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Published on: February 17, 2019
by Judy George for MedPage Today:
Women developed more tau pathology than men with similar amyloid burden, an analysis of cross-sectional data found.
Across two cohorts of older cognitively normal adults, women with higher amyloid burden showed higher entorhinal cortical tau compared with men with higher amyloid burden, reported Reisa Sperling, MD, of Brigham and Women’s Hospital and Massachusetts General Hospital, both in Boston, and colleagues, in JAMA Neurology.
“This study points to a key biological difference that may explain why women are at higher risk for Alzheimer’s disease overall, and why they show faster rates of cognitive decline,” Sperling said. “Our previous work has suggested that women and men have similar levels of amyloid plaque, assessed with amyloid PET imaging, in the pre-symptomatic stages of Alzheimer’s disease, but women demonstrate more rapid cognitive decline for a given amount of amyloid.”
“In the current study, the sex difference was most apparent in the entorhinal cortex, where tangles are accumulating as we age and then begin to spread throughout the cortex as memory impairment becomes manifest,” she added. “These findings may be important in targeting appropriate prevention therapies for women, ideally preventing the accumulation of both amyloid and tau pathology as early as possible.”
Alzheimer’s dementia is more common in women than men, and women are more likely to show Alzheimer’s disease pathophysiology. Among apolipoprotein E (APOE) ε4 carriers — both clinically normal older adults and those with mild cognitive impairment — women exhibited higher levels of cerebrospinal fluid (CSF) tau levels than men. Last year, a meta-analysis found greater CSF total and phosphorylated tau in female APOE ε4 carriers, with findings driven by abnormal levels of amyloid-beta.
Sex differences in amyloid burden alone have not been reported in older adults. This may suggest that male-female differences appear downstream, after amyloid beta starts to accumulate, Sperling and colleagues observed.
To study this, they evaluated two cross-sectional convenience samples of clinically normal individuals who received both tau and amyloid beta PET scans from January 2016 to February 2018. The Harvard Aging Brain Study (HABS) cohort included 193 clinically normal individuals (ages 55-92; 61% women) who had carbon 11–labeled Pittsburgh Compound B (PIB) PET to assess amyloid beta. The Alzheimer’s Disease Neuroimaging Initiative (ADNI) cohort had 103 clinically normal individuals (ages 63-94; 51% women) who underwent florbetapir PET to assess amyloid beta.
Both groups had tau assessed with flortaucipir F18 PET. The average Mini-Mental State Examination Score (MMSE) in each group was about 29 points (30=maximum points on the scale). The HABS cohort had better logic memory delayed recall than the ADNI group, but that did not differ by age, sex, amyloid positivity, or APOE ε4 status. Women in the HABS group were younger (mean age 73.4) than women in ADNI (mean age 75.1).
Among amyloid-positive individuals, women had more tau signal in their entorhinal cortices than men (meta-analytic estimate of beta for males -0.11, 95% CI -0.21 to -0.02, P=0.02).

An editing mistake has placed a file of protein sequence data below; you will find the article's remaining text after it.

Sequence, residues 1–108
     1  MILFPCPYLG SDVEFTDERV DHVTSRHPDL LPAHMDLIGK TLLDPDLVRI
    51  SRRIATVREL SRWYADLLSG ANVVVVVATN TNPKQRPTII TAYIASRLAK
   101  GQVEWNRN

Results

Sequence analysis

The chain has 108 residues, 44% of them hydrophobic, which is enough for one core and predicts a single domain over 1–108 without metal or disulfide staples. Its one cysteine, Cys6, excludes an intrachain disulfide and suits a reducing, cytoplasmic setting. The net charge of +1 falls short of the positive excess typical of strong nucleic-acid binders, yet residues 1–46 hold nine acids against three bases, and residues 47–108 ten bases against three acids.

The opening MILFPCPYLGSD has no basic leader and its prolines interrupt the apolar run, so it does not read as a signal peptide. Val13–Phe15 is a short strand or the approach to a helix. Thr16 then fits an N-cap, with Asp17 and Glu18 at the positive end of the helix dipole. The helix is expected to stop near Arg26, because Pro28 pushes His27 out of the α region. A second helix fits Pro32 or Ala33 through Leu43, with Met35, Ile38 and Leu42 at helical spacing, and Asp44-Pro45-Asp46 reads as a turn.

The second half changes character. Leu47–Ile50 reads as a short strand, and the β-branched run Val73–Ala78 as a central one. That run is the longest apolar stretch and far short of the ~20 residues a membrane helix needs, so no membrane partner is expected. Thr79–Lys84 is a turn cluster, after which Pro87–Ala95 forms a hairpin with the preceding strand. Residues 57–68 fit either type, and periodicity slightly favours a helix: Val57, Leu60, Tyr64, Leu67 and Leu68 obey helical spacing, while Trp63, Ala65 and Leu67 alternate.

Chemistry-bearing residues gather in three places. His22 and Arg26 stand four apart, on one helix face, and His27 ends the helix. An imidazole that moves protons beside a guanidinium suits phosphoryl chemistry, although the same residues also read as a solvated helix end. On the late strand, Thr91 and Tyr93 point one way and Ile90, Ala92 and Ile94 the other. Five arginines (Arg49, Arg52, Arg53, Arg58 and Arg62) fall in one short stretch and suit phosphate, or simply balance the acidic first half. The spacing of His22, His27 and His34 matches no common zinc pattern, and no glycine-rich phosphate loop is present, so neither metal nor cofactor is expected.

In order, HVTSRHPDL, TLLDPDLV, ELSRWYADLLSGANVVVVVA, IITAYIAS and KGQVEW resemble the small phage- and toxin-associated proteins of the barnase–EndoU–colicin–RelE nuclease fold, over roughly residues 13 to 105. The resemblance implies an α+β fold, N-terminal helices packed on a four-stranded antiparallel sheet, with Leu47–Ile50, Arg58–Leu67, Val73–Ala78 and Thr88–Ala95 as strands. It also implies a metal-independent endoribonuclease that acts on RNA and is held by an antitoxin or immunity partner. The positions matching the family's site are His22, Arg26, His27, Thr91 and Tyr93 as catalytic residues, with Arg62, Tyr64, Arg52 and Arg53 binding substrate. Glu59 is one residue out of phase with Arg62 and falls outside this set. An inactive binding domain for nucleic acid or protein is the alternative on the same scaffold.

That gap grew wider with increased amyloid: with higher amyloid-beta burden, women showed higher entorhinal cortex tau than men in both the HABS (beta -0.17, 95% CI -0.32 to -0.01, P=0.04) and the ADNI (beta -0.23, 95% CI -0.42 to -0.04, P=0.02) cohorts.
In the HABS group, sex and APOE did not appear to interact to influence tau deposits. In the ADNI group, a sex-by-APOE ε4 interaction was found in a meta-region that included the entorhinal cortex, inferior temporal cortex, amygdala, fusiform gyrus, and the parahippocampal cortex, with the association between APOE ε4 and tau retention stronger among women than men.
This study builds on previous research “suggesting sex differences, albeit very subtle, in Alzheimer’s pathology,” noted Michelle Mielke, PhD, of the Mayo Clinic in Rochester, Minnesota, who was not involved with the study.
“In this era of precision medicine, it is critically important to study sex differences in Alzheimer’s disease in order to improve the diagnosis, prognosis and treatment for both men and women,” Mielke told MedPage Today.
The study had several limitations. The analysis was based on convenience samples; recruitment and sampling biases may result affect findings. The ADNI group was older, showed lower memory performance, and may have been further along the preclinical Alzheimer’s trajectory. The cohorts also differed in how amyloid-beta was assessed. Limitations with power and neuropsychological follow-up in this study mean results should be approached with caution, the authors stated.
“Although our findings are consistent across two large cohorts, the sex differences in tau levels are relatively small, and there are likely other factors contributing to cognitive decline that we need to study,” Sperling said. “We are also working on longitudinal tau PET imaging studies to determine if women have faster rates of tau accumulation over time that may correlate with the rates of memory decline.”
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